Left or Right? Soccer Penalty Kicks Deconstructed

by Mary Martialay on June 29, 2010

Play the video, take the challenge. I guarantee it’s not easy.

Here’s how it works: Watch the “dot figure” of a kicker as he approaches a soccer ball to kick it. As soon as you can, guess whether the ball will go left or right.

The video is a demonstration of an experiment on soccer penalty kicks run by Gabriel Diaz, a doctoral student in Cognitive Science. Diaz wants to know if – in the split-second before foot meets ball – a soccer player’s body betrays the direction the ball will go, and if goalkeepers might be picking up on those tell-tales.

Diaz showed this video to 31 test subjects, and gave them up to a half-second after the screen goes black to hit a either the left or right shift key on a computer keyboard, indicating whether they thought the ball would go to the left or right.

Fifteen of them performed no better than chance (50/50).

But among the 16 who were able to do better than chance, further investigation revealed a high correlation between the correct result and four of the five indicators Diaz had identified.

How did you do?

This whole process is a lot more complex than it appears at first glance. Diaz conducted his research in the Perception and Action (PandA) laboratory of Rensselaer associate professor Brett Fajen. The lab itself is 20’X28’ room ringed with motion capture equipment like a 14 camera Vicon MXPro infra-red motion tracking system.

By placing sensors on 19 major joints of the body, Diaz was able to capture the motions of three college-level soccer players as they kicked – on his direction – to the left or right side of the goal. The video shows “stimuli” generated from the data Diaz collected.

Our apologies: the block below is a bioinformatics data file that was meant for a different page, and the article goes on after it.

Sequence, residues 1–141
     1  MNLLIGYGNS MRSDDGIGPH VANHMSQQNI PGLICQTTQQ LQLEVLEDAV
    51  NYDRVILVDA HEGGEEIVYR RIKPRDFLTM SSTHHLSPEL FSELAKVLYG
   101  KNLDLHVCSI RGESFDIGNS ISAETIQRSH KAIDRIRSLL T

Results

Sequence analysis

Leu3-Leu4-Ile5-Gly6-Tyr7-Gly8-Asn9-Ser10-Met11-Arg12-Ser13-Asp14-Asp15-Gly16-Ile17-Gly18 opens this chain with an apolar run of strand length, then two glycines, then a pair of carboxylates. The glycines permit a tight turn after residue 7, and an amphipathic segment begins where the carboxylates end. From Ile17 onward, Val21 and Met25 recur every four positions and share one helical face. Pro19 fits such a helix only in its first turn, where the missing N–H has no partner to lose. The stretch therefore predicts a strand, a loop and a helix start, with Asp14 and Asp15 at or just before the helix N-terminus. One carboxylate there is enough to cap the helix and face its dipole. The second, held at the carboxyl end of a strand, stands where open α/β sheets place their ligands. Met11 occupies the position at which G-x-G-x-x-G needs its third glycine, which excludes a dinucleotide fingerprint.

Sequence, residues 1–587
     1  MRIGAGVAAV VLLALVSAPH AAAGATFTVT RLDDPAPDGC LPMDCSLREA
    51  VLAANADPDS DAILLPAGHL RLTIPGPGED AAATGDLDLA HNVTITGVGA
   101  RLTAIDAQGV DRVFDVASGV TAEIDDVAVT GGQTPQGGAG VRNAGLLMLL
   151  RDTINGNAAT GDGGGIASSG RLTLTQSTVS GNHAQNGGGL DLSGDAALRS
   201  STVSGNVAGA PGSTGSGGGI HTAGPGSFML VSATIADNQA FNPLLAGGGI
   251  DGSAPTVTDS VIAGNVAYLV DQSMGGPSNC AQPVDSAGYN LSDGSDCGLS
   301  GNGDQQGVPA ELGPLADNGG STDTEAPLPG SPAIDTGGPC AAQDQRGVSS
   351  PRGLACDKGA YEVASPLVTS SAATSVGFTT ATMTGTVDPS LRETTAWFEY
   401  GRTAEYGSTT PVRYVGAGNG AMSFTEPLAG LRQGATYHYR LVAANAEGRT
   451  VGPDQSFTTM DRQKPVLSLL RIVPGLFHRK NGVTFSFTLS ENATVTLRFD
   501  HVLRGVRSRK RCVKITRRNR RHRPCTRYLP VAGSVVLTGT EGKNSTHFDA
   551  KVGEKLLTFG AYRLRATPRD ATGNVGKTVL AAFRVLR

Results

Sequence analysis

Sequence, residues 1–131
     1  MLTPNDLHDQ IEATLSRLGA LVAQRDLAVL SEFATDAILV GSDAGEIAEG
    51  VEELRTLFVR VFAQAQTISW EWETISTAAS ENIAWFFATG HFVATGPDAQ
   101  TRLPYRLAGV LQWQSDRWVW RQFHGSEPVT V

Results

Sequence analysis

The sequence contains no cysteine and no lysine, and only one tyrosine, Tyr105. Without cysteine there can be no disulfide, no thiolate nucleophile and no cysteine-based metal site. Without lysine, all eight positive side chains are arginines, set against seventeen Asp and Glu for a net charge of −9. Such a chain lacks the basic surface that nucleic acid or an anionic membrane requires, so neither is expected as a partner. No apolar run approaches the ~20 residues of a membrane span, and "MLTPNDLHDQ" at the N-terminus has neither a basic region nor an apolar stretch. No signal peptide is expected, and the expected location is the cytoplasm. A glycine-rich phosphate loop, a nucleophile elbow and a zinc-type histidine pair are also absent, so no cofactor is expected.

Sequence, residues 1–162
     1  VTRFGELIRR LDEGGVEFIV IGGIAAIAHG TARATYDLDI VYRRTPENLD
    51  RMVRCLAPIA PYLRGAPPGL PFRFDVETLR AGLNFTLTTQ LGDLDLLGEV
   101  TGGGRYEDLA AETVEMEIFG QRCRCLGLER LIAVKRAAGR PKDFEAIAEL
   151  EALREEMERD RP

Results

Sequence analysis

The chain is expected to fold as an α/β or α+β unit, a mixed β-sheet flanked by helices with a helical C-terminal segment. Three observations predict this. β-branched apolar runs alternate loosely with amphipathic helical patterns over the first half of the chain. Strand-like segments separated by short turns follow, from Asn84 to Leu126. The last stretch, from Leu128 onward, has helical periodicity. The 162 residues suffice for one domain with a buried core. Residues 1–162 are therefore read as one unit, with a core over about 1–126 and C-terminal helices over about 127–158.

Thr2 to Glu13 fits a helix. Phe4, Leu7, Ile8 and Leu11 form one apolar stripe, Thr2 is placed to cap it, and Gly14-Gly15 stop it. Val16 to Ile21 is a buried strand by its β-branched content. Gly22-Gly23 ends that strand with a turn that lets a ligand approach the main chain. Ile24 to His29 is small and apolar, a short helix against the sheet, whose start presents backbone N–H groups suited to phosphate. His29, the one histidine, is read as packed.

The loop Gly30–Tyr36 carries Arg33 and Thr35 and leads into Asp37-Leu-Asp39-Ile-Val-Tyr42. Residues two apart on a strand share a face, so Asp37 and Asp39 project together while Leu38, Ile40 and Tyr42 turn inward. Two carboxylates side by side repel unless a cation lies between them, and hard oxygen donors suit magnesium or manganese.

In the first part of his experiment, Diaz tested the data he collected against 27 possible indicators of which direction the ball might go – twelve drawn from sports literature and 15 from a computer analysis that searched for patterns of coordinated movements.

The sports literature indicators are fairly simple and easy to describe – things like the angles of the kicking foot, kicking upper-leg, and kicking shank. He calls those “local” indicators because they restricted to area of the body.

The 15 patterns of coordinated movement – what he calls “distributed movement – throughout the body are harder to explain, and were found with a computer analysis of the motion capture data. Diaz explains them as combinations of movement coordinated over many repeated attempts to perform a task.

Here’s what he said:

“When, for example, you shift the angle of your planted foot, perhaps in an attempt to hide the direction of the kick, you’re changing your base of support. In order to maintain stability, maybe you have to do something else like move your arm. And it just happens naturally,” he said. “. If this happens over and over again, over time your motor system may learn to move the arm at the same time as the foot. In this way, the movement becomes one single distributed movement, rather than several sequential movements. A synergy is developed.”

His search turned up five reliable indicators of ball direction – two “local” indicators from sports literature, and three “distributed” indicators from the computer analysis.

Gabe’s research has developed quite a momentum over the past week, with stories by Discovery News, Scientific American and the Associated Press. It’s also been translated into (at least) Italian, Spanish, and French. Also be sure to read my original story here.